Friday, February 20, 2004


Ranginui Walker says my intentions are to abolish the Maori Television Service and the Maori Language Commission amongst other things.
Now that's stretching the frayed elastic of truth to breaking point.
Providing that they make their intentions understandable to all New Zealanders and speak in English then these Maori organizations can do whatever they want. One of the things they might want to do if they're interested in receiving ongoing funding from a National government is commission a dramatisation of - in my view - an unjustly neglected masterpiece on the theme of bicultural relations, The Half Gallon Jar by that great literary kaumatua, Hori. We used to have neighbours like that when I was a lad. (In fact, it was through them that I grew to admire and respect our Maoris, py korry (!) In fact if the scriptwriters were ever short of inspiration, I'm sure I could supply them with anecdotes both heartwarming and humorous.
And one of my favourite comedians, Billy T James - it's a disgrace that he doesn't have his own show anymore. Why aren't we using more of our fine Maori talent onscreen.
The problem I find with nostalgia is that so often it fills my baby blues with tears - and I'm man enough to admit to being embarrassed by the very emotion it distills.
That's why we should all leave our sepia-toned, liver-spotted snapshots of a kinder, gentler world in the attic.
They have no place in a future of a kind I insist we all look forward to.

The phrase for today is 'tena kotou' - a garment used by vocalists in place of socks.

Thursday, February 19, 2004


I had a marvelous idea for a television documentary last night.
It's called 'Pakeha Brown' and will tell uplifting stories about Maoris who have lived amongst New Zealanders.
It will show what an open-minded and caring society we could have if only a few agitators toed the line.
I say 'few' because, as you're all well aware, Maori support for the National Party is at an all-time high and we haven't heard of this level of support from our Maoris since the last time I mentioned it.
This morning, Rodney slipped a congratulatory note under the door of my cubicle which simply said "Up Yours" - further evidence of the kind of buzz our polls have generated amongst potential coalition partners. Talk about a "document leak"! Ho! Ho!
Which neatly segues into my next pithy observation.
I have some sympathy for Lianne Dalziel. It must be awful being exposed publicly as a buffoon and made the subject of ridicule.
A National Government would have avoided such a situation by eliminating immigration altogether.
All except for the right kind of immigrants, of course.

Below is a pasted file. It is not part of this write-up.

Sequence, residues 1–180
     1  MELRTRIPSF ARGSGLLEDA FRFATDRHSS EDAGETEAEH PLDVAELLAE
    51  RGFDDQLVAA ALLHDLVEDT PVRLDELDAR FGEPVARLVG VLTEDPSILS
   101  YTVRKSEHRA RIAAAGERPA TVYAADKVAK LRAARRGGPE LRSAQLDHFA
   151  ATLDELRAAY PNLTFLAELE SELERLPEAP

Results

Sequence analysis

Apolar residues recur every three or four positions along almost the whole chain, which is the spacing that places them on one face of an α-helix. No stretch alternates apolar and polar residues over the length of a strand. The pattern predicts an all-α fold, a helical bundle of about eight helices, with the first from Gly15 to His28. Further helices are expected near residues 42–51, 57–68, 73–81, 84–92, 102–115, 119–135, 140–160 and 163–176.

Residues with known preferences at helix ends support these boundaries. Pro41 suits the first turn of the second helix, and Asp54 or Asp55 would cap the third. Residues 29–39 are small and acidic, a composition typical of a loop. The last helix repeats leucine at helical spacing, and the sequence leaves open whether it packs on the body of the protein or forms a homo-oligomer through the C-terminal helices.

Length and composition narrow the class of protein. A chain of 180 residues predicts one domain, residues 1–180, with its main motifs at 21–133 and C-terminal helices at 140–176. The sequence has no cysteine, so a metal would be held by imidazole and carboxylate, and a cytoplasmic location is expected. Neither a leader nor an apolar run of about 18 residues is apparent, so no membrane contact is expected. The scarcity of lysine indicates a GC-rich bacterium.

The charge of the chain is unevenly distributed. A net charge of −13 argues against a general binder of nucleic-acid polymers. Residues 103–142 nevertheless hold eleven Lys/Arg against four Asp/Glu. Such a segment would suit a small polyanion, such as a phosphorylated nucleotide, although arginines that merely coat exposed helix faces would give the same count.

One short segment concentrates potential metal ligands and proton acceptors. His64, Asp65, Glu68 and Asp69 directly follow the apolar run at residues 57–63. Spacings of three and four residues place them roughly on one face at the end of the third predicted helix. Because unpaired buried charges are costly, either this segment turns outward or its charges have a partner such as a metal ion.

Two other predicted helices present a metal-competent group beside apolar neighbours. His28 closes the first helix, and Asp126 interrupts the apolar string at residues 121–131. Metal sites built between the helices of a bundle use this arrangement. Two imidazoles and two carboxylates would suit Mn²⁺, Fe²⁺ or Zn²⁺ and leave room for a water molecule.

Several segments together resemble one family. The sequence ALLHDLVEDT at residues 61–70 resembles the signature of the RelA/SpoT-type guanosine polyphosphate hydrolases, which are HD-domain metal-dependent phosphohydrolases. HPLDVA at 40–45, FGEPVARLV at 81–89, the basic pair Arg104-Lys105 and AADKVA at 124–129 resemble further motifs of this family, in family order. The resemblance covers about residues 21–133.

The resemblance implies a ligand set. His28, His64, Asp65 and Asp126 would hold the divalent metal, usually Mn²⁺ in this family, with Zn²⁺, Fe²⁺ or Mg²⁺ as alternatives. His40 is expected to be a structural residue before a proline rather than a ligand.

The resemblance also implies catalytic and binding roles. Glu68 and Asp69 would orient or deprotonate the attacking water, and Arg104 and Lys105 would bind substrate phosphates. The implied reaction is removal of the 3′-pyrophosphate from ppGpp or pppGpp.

I'm so proud of Sammy's performance with that Kim woman last night. He's definitely going to be allowed to eat his carrot stick off the special red plate at caucus this week.I've seen him looking at it jealously on the top of the china cabinet. Sammy's finally learnt that it doesn't matter what you say as long as you sound like you believe it - knowledge that got me out of many a scrape at the Reserve Bank during all those years when the economy was sailing into oblivion, I can tell you.
Now, if I've been sounding a little down on the woeful state of the media lately then let me inject some positivity by stating that I see a bright light on the horizon and it's called 'Suzy Aiken'.
This darling of a female news presenter contacted me via email recently in order to "prep" (journalistic jargon) for an upcoming interview.
I agreed to the interview with the proviso that she asked me things that other journalists have ignored in favour of grinding their axes.
Quick as a fox, she emailed me back and said.
"I understand exactly what you're saying! I think it will be rilly kewl if we got to know more about the real you. There's a lot of questions that have been burning in my head . For instance, what does 'Don' stand for?"

The phrase for today is 'Mat Rata' - what the Labour Party used to wipe its feet on.

Wednesday, February 18, 2004


I was making a comfort stop earlier today when Rodney Hide mumbled something in my ear.
I didn't get a chance to reply because by the time I turned around, he was gone.
Bless the wee man's heart. We rarely get the chance to chat and more often than not I miss him.
Maybe it's got something to do with my aversion to looking down on others.
So Rodney, if you're reading this, I will go and "duck my health" as you suggested because I know a wonderful Chinese restaurant in the city and I've got a hankering for some Peking.
Lord knows I deserve a treat every now and again.